Most of the men who survived the Road of Death were soldiers, who led the march out. Civilians were less fortunate. Haso Hasanovic, 16 at the time, was captured at Kamenica and taken with other Muslim prisoners to the warehouse there. Sent to fetch water for the adult prisoners, he saw a 13-year-old girl with her throat slit, among other bodies near the spring. A Serb with a Mohawk haircut and a long knife was leaving the scene. At other points along the road, Serbs with loud speakers--sometimes wearing uniforms taken from the Dutch peacekeepers--called Muslims to come down from the hills and surrender. Exhausted and often starving, many did. Some killed themselves instead; others simply went mad.
YOUNG HASO ESCAPED THE FIRST time he was captured. He was caught again at Bunica on the Road of Death. He was taken to a large field called Konjevic Polje with 500 Muslim men, all of them with their hands tied behind their backs. The field was already full of bodies, and the 500 were told to lie down on top of them. The Serbs laughingly told them they would be executed, too, but instead shot over their heads. Then a Serb officer arrived and ordered his men to separate out the children; Haso was one of four who were spared and later released. None of the other prisoners were seen again.
Those who survived the first big ambushes at Kamenica still had to get across a heavily patrolled Serb highway, the Vlasenica-Zvornik Road. Mevludin and his cousin Haris Hasanovic waited two days for a chance, but were caught as they descended in the dark. "Don't worry," their captors told them. "We'll exchange you for Serb prisoners." They were taken to Grbavci, where as many as 3,000 Muslims were jammed into the school gymnasium. On July 14, trucks arrived every few minutes, each taking a load of the Muslims away, blindfolded--to be exchanged, said the Serbs. At one point, not yet blindfolded, Mevludin Oric saw the Serb's military commander, Ratko Mladic, outside the gymnasium door, issuing orders to the officers.
The men from Lehovici stayed together and were on the same truck. They were driven to a field across a railroad track, only ,a mile away, lined up with their backs to their captors in two rows of 10 or so. Haris and Mevludin were next to each other. They held hands. "They're going to kill us," Haris said. Mevludin replied: "No, they wouldn't do that." Then the Serbs opened fire, and Haris fell on top of his cousin. For a full minute he convulsed, and then he died. Mevludin lay under him for hours. "He was as heavy as a house," he recalls.
Every few minutes, another truckload arrived at the field. "I still couldn't believe they would kill us. Who could do something like this?" Mevludin says. "They were laughing like crazy men-they must have been on drugs, that's all I can think. If a wounded man asked to be killed because of the pain, they would say, "Take it easy, old man, you'll be dead soon.' And they said things like, 'Damn Muslims, the only good Muslim is a dead Muslin'."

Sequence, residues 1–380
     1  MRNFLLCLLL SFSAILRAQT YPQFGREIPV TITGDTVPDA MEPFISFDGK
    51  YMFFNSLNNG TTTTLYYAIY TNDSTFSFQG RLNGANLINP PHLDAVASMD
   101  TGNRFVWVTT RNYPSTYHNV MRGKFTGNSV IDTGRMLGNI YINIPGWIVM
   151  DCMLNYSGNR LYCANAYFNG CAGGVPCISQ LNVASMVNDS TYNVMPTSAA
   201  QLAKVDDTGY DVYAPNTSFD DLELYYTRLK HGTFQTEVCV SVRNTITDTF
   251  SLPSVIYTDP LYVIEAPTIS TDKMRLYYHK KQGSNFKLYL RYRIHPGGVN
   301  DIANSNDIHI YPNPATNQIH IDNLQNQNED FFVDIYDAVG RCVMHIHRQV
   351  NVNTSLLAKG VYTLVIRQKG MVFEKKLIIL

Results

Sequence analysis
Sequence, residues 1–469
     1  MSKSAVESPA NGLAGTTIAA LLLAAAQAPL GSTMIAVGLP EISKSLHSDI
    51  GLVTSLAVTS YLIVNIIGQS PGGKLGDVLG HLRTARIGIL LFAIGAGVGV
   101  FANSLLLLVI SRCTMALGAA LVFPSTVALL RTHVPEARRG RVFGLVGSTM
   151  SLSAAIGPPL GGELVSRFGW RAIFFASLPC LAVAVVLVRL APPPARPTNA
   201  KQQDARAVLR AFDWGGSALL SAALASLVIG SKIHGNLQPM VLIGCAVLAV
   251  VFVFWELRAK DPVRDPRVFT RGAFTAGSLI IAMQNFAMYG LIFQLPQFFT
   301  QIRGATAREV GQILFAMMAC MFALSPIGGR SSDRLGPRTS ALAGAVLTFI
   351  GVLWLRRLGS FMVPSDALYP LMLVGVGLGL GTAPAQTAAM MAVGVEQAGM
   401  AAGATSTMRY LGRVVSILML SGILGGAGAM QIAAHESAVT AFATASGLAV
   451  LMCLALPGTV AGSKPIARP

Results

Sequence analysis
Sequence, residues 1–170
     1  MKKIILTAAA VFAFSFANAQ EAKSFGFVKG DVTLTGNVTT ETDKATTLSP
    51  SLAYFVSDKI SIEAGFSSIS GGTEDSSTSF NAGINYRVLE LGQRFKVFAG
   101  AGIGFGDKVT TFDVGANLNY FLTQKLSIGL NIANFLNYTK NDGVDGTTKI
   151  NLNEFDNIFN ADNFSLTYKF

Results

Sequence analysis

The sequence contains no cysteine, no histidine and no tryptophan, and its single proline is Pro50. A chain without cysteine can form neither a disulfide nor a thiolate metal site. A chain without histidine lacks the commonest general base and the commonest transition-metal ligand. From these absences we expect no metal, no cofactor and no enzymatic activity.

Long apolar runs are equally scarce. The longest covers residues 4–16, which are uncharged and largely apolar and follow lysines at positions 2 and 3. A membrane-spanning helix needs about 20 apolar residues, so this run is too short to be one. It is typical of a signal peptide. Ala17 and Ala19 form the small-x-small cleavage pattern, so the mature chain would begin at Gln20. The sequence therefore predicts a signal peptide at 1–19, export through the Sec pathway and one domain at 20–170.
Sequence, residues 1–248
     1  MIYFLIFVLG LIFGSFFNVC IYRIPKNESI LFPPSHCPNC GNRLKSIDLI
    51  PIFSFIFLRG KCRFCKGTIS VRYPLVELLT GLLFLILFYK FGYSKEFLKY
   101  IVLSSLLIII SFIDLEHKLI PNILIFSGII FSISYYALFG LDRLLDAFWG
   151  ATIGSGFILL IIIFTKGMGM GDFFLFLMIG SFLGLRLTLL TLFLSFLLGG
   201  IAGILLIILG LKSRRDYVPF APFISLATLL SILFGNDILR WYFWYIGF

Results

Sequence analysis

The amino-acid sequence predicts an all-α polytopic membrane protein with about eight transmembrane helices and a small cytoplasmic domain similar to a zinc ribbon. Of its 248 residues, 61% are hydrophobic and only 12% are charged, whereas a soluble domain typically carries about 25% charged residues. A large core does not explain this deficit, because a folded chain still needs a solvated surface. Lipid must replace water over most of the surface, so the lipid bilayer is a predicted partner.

LATER IN THAT LONG DAY, AS THE field piled high with bodies and the drainage ditch at the foot of it flowed with blood, one of the victims jumped up and tried to run.
His wounds prevented him from getting far before the Serbs finished him off. Mevludin heard an officer shout at the executioners that they were doing a lousy job--"he told them to go shoot each one in the head. Look, there's one twitching, go shoot it." As the pistol shots popped in rapid sequence, Mevludin passed out from terror. He woke up alive. His cousin's body covered him, and perhaps the killers mistook Haris's profuse blood for his own. Or perhaps they just grew weary of shooting dead bodies.
Later that night Mevludin heard the killers leave. He got up and crawled off the field. Amazingly, he found another survivor: Suljic, 56, a carpenter from another town who had been crippled before the war and could walk only short distances. As a handicapped person, Suljic had gone to the Potocari factory under U.N. guard with the women and children of Srebrenica. But he had been selected out for execution anyway. When the Serbs started shooting, he fell, unhurt, and played possum. From where Suljic lay on the field in Grbavci, with his blindfold partly off, he could see General Mladic arrive with one of the truckloads of victims. He says Mladic stood only 10 yards away from him, watching as the prisoners were shot in the back. Suljic stole a glance at his watch, and it was 8:15 p.m. on the 14th of July.
When Suljic met Mevludin, he told him: "I have a handicap. Leave me." Mevludin refused. For the next seven days they helped each other to safety through Serb territory. Suljic gathered white mushrooms for them to eat. Mevludin helped the older man hobble up the hills and waited while he rested. Suljic still had a tube of toothpaste in his pocket; when there was no water, they sucked on it to moisten their mouths.
Mevludin was one of 11 Lehovici men to reach safety in government-held territory. Only two of 21 family heads made it. Mevludin had to tell the families about the fate of the other men. Zina believes his story. So does young Haso, whose father, Edhem, died on the same field in Grbavci. But to this day, Haso's mother, Sahha, clings to the hope that her husband may have survived. She points out that Mevludin didn't actually see him die; he was in another part of the field. "Mevludin told us he was at the killing place," said Saliha, "but we don't really know what happened after that. We have no other news. It could be. . . " Her voice trails off. Listening to her, Mevludin hangs his head, blushes deeply and doesn't argue.
THE FATE OF LEHOVICI'S 126 inhabitants closely parallels the fate of the 39,000 people still in the Srebrenica enclave when it fell to the Serbs. Only a few victims were confirmed killed by eyewitnesses: three in Lehovici, several hundred in the enclave as a whole. Many more are simply missing, presumed dead. A quarter of Lehovici's residents perished, and five out of every six men. The International Committee of the Red Cross thinks as many as 8,000 people from Srebrenica may have died, including all 3,000 whom it had registered as taken prisoner. The Bosnian government's estimate of 11,000 dead from the enclave is closer to the death rate for Lehovici.